was going to try a case in front of a judge, I would ask the judge or at least
ask the courtroom clerk or the law clerk about the judge’s various
practices, and I had asked what time did the judge break at the end of the
day, and they told me that. Now our building, the Civil building was then
across the street on 3rd Street, and they had a parking garage which closed
at 7:00. So we’re in this trial this one day and it’s getting toward 5:00 and
the judge is like keep going. So I asked to come to the bench. I said I
need to know what’s going on because my garage closes and I need to get
my car. He said we’re just going to keep going. I was about to stand up
and announce to the courtroom, which is everybody, the jury, that I
needed to get my car and I would be leaving and I could come back, but I
was going to get my car because I’m very clear about this. I was Rudy’s
mother, and I was not going to be trapped without a car and go home and
have something happen and he needs to go to the hospital or whatever and
I didn’t have my car. I don’t play that, and I wasn’t going to play that for
some judge in the courtroom. But right before I got to where I was going
to do that, he then broke for the day. So I would have had a showdown
with him in the courtroom over that issue because Rudy was my
responsibility, and the judge, nor the marshals, were going to take me
home or come take us to the hospital if something had happened.
I did that trial in Civil. There were four counts before the jury of
which in those discrimination cases for incidents after I think October of
1991, they were jury demandable, but before those were not. So some of
his claims were before that date, and some were after. Then there was the
privacy thing. So he was entitled to a jury. The judge let the jury rule on
all the counts, even though that was of no moment for some of them. The
jury ruled in the defendant’s favor and gave him a total of $10,000, and
then afterward, we had post-trial motions and everything, got it down to
MR. WEAVER: This is the plaintiff, right?
MS. JEFFRIES: Yes. In the end, he got $2,500. The woman from the General Counsel’s
office, the lawyer over there I was working with, she felt if he got $1 that
was a loss. I got them down to $2,500, so ungrateful people that they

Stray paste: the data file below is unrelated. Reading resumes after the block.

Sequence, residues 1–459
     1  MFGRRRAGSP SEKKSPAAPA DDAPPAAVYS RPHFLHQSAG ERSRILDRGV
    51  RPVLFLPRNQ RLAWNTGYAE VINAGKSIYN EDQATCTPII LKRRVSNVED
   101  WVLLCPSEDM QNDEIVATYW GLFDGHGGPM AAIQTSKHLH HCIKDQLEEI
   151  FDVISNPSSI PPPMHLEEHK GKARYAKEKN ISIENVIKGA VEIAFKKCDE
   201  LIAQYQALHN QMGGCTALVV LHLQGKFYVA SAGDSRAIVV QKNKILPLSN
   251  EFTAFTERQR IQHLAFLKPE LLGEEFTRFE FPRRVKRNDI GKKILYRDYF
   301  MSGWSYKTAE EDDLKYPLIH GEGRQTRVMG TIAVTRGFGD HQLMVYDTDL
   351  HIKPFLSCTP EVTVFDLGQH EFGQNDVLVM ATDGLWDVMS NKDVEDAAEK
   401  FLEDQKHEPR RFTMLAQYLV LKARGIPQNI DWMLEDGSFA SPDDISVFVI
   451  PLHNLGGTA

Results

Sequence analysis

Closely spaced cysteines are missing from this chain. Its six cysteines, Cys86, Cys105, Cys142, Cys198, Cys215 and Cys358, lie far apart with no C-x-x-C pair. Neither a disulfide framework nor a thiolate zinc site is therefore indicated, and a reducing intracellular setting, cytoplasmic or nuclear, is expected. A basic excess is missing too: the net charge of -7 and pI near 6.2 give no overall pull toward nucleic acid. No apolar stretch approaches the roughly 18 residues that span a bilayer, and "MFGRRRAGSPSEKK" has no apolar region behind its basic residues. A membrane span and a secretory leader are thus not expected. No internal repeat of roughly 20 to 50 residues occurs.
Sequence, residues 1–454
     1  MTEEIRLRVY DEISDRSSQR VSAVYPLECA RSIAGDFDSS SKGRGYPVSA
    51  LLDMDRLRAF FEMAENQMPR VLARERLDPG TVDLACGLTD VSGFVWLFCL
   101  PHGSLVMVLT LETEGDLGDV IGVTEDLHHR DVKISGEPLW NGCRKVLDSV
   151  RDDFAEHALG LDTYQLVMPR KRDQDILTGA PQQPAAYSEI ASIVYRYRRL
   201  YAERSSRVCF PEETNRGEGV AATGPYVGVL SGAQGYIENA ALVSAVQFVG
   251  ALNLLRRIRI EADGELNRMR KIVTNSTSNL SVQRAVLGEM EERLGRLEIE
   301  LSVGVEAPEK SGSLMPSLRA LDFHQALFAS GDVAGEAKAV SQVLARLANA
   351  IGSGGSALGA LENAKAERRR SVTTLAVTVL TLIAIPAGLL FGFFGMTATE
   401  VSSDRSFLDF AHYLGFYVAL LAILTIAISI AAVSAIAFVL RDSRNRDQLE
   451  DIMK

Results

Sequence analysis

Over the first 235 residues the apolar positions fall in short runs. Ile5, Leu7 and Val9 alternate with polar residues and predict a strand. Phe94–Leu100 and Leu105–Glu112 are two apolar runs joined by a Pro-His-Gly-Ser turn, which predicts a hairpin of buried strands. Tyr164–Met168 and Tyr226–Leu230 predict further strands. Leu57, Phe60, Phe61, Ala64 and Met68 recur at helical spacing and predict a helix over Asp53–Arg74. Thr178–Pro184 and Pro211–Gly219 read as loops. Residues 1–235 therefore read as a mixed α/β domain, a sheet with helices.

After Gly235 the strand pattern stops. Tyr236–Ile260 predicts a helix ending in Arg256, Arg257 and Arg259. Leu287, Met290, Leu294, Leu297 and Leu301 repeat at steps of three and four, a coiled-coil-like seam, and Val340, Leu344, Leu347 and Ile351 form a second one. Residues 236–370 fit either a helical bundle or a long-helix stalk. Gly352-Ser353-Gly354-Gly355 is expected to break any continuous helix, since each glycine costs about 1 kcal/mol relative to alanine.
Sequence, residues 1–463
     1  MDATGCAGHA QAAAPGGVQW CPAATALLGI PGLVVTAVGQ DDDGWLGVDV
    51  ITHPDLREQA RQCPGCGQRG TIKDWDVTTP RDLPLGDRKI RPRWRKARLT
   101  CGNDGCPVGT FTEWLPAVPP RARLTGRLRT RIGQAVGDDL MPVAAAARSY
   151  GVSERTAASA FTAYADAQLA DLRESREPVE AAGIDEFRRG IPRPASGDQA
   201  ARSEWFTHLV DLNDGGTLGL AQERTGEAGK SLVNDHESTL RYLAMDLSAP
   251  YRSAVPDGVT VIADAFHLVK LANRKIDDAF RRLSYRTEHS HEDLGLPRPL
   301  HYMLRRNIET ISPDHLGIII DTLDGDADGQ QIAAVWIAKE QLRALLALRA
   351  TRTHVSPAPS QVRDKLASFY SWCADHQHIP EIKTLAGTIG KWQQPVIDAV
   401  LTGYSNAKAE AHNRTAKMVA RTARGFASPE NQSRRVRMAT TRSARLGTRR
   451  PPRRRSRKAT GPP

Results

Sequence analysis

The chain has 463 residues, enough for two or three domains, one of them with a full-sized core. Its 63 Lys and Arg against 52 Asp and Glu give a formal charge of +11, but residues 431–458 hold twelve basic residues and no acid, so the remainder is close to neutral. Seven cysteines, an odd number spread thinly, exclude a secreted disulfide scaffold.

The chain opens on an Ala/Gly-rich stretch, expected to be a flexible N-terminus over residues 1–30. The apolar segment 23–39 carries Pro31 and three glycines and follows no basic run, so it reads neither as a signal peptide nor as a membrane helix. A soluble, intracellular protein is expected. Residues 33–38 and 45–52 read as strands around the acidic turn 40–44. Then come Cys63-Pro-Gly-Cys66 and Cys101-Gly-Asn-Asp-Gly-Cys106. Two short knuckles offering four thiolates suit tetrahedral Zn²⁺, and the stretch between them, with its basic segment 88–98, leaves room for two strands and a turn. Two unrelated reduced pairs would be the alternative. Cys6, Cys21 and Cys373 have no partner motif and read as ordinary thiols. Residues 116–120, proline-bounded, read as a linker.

were. What happened is his lawyer was from Memphis, and the plaintiff
was from New Hampshire, so every time they came to court, they had to
travel here. They had to pay lodging and food and everything. We had a
settlement conference with the magistrate judge where we first went in all
together, and the magistrate talked to plaintiff, and then he talked to us.
When he brought us in, I said to him we’ve got $65,000. I had $75,000.
He said to me I’m not even going to tell you what the other side wants
because you all or so far apart, he said this won’t come together, and he
said sometimes people have visions of pie in the sky or whatever. I spoke
to plaintiff’s counsel by phone a week or two later, and I said to him the
magistrate never told us what you were interested in. I said, so I’m just
curious how much would you want to settle. He said not a penny less than
$3 million. I said you and I both know you’ll never get that out of my
client, you won’t take $65,000 and call it a day? He said no. I said okay.
So the award was $2,500, plus he could get attorney’s fees but he’d have
to parse it out and apportion it to what he won on. Not long afterward, the
attorney died, and I figured he was so disorganized and stuff, I didn’t think
anyone would be able to come behind him and come up with the money. I
don’t think they ever got attorneys’ fees. But for all that, he got $2,500.
That was affirmed. I did do that. I had a co-counsel. That co-counsel is
now a judge over there in U.S. District Court. He had never done a jury
trial before. That was the other thing.
MR. WEAVER: Who was your co-counsel?
MS. JEFFRIES: Rudy Contreras. Because of the change in the law, most of the civil stuff
was not jury triable, but because of the change in the law, they were then
beginning to do jury trials, and a lot of them did not have jury trial
experience, so I went up there with all this jury trial experience.
I understand one of my colleagues back then who later became
U.S. Attorney for the District, she had a completely civil background, and
I understand that when she tried her first jury trial with another lawyer, she
required him to work all day and all night and they could only sleep in
shifts. I’m like you people are crazy up in here. She became U.S.
Attorney. She had no criminal background.